By Linda Bordoni
The new coronavirus pandemic has exposed the frailties and dramas of many who live on the edges of society or are simply part of groups or communities with little or no socio-economic protection.
This is the reality for some 1,600 unaccompanied migrants living in unacceptable conditions in refugee camps in Greece’s Aegean Sea.
Their fate is in the hands of EU leaders who are being asked to show solidarity and to deliver on their promises to relocate refugee children.
The Church’s humanitarian agency, Caritas, has repeatedly voiced its readiness to help in welcoming the children and providing host states with support.
As Leila Bodeux, Policy and Advocacy Officer at Caritas Europa told Vatican Radio, the organization welcomes the relocation of two groups of unaccompanied children from the Greek islands by Luxembourg and by Germany, but it calls on other EU states to step in and do their part as well.
“There are more than 40,000 people stuck on the Greek islands in a horrible situation,” Bodeux explained, “and the European Commission has put in place a scheme to relocate 1,600 unaccompanied minors to EU countries to provide them safety and protection.
Obviously, she added, Caritas Europa has welcomed the scheme and is very satisfied for the arrival of 12 children in Luxembourg last week, and 47 more in Germany on Saturday
“We think this is a very positive and welcome step, but more needs to happen,” she said.
Calling on EU member states to join in solidarity
She pointed out that 1,600 unaccompanied minors need to be relocated under this scheme, and that Caritas Europa is calling on other EU member states “to join the efforts of Germany and Luxembourg and relocate children in their countries, thus providing support and solidarity to Greece, but also to these migrants and refugees.”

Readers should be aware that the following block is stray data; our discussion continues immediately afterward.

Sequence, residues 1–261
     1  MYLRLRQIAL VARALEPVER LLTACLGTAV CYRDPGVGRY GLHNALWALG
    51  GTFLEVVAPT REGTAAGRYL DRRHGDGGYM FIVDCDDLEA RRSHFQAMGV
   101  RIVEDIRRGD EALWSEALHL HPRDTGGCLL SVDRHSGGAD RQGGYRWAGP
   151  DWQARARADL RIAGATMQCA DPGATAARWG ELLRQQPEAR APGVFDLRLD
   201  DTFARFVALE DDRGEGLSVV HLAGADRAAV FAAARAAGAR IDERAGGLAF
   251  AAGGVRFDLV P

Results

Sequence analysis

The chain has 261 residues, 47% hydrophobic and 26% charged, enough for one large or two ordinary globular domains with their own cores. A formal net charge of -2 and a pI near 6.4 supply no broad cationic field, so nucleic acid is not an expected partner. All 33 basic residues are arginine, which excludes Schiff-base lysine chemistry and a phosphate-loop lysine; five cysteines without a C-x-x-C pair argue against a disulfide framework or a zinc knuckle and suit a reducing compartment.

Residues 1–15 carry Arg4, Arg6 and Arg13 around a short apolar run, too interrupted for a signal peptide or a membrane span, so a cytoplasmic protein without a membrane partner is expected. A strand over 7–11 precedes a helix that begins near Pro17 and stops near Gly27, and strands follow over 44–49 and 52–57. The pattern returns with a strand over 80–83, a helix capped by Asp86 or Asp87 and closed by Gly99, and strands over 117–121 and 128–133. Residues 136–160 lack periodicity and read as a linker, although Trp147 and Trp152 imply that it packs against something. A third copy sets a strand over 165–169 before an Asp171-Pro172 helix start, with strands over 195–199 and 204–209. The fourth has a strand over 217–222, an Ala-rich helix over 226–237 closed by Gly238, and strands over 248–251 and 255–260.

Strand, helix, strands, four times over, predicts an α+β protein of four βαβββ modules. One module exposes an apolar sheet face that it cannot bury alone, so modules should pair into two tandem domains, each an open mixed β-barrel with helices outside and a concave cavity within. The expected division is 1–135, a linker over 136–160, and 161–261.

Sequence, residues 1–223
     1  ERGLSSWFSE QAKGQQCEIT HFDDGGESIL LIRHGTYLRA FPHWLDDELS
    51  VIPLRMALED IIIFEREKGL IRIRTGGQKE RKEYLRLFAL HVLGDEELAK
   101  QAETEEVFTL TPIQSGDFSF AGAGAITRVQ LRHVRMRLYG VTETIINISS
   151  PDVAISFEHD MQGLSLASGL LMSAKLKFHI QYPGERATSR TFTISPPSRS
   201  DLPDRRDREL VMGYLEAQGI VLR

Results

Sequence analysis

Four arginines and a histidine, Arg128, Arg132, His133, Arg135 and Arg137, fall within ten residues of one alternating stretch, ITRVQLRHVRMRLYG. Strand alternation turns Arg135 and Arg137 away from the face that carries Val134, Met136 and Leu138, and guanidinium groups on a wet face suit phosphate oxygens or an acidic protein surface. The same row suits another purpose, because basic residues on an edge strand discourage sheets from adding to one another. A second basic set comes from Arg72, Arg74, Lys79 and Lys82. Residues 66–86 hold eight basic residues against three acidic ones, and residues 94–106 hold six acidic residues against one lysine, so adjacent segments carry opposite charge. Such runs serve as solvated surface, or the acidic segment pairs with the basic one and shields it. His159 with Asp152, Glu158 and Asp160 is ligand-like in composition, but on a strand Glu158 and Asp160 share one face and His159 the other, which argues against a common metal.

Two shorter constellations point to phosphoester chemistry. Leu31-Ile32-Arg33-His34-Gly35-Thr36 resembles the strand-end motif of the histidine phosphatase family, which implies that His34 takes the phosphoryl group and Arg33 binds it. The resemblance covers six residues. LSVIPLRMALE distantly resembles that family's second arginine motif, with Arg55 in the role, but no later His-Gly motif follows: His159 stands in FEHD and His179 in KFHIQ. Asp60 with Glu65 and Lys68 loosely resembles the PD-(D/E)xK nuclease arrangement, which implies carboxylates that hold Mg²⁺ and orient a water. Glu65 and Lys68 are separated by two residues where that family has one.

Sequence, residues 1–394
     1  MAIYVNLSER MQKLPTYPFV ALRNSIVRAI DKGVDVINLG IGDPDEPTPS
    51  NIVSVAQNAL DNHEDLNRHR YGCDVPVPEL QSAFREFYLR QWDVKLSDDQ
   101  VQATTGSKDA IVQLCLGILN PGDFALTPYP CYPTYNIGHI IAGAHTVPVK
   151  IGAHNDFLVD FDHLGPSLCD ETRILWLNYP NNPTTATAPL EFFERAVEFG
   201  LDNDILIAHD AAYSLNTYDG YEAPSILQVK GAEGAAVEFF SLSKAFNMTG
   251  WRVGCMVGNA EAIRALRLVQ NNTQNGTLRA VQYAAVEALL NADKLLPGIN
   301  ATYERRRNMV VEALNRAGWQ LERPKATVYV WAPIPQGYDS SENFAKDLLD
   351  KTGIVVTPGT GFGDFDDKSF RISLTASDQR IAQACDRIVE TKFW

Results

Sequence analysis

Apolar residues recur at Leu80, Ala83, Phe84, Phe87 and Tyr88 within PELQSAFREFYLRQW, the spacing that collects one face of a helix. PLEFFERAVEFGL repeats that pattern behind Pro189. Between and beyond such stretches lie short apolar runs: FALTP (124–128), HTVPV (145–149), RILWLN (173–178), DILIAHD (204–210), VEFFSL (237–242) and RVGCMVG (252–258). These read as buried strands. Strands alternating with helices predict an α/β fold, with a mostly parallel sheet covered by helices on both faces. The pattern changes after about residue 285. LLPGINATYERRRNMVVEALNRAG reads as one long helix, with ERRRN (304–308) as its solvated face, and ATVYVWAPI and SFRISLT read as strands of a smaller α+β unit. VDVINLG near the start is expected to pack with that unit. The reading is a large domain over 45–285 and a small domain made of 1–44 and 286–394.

Bodeux noted that the numbers are very small, “especially for bigger countries like France and Germany” and that Greece, “that has been doing so much for migrants and refugees for many years,” has been left unfortunately alone by many EU countries: “so that's why we think that this is the least the EU can do.”
She explained that local Caritas organizations are supporting the states in welcoming those children in the reception phases.
Advocacy and practical support
“For us, it's very important to also join practical support to the advocacy we do,” she said, reiterating that “several other Caritas offices would be ready to also step in to provide the necessary support to make sure that these children have been welcomed in the best way possible, to protect their interests and their protection needs.”
Pope Francis and the Catholic Church
Pope Francis has repeatedly called on all men and women of goodwill to “welcome, protect, promote and integrate” our brothers and sisters on the move, especially minors who are particularly vulnerable. Bodeux expressed appreciation for the impact and strength of his appeal and also for that of European bishops who have joined their voices to call for the relocation of unaccompanied minors in European countries.
“I think this is very important, (…) and I think this is very powerful, especially in countries that are perhaps reluctant to step in,” she said.
“I think a message coming from the highest level of the Vatican,” Bodeux concluded, provides much needed moral support to ensure those states do more to help these children.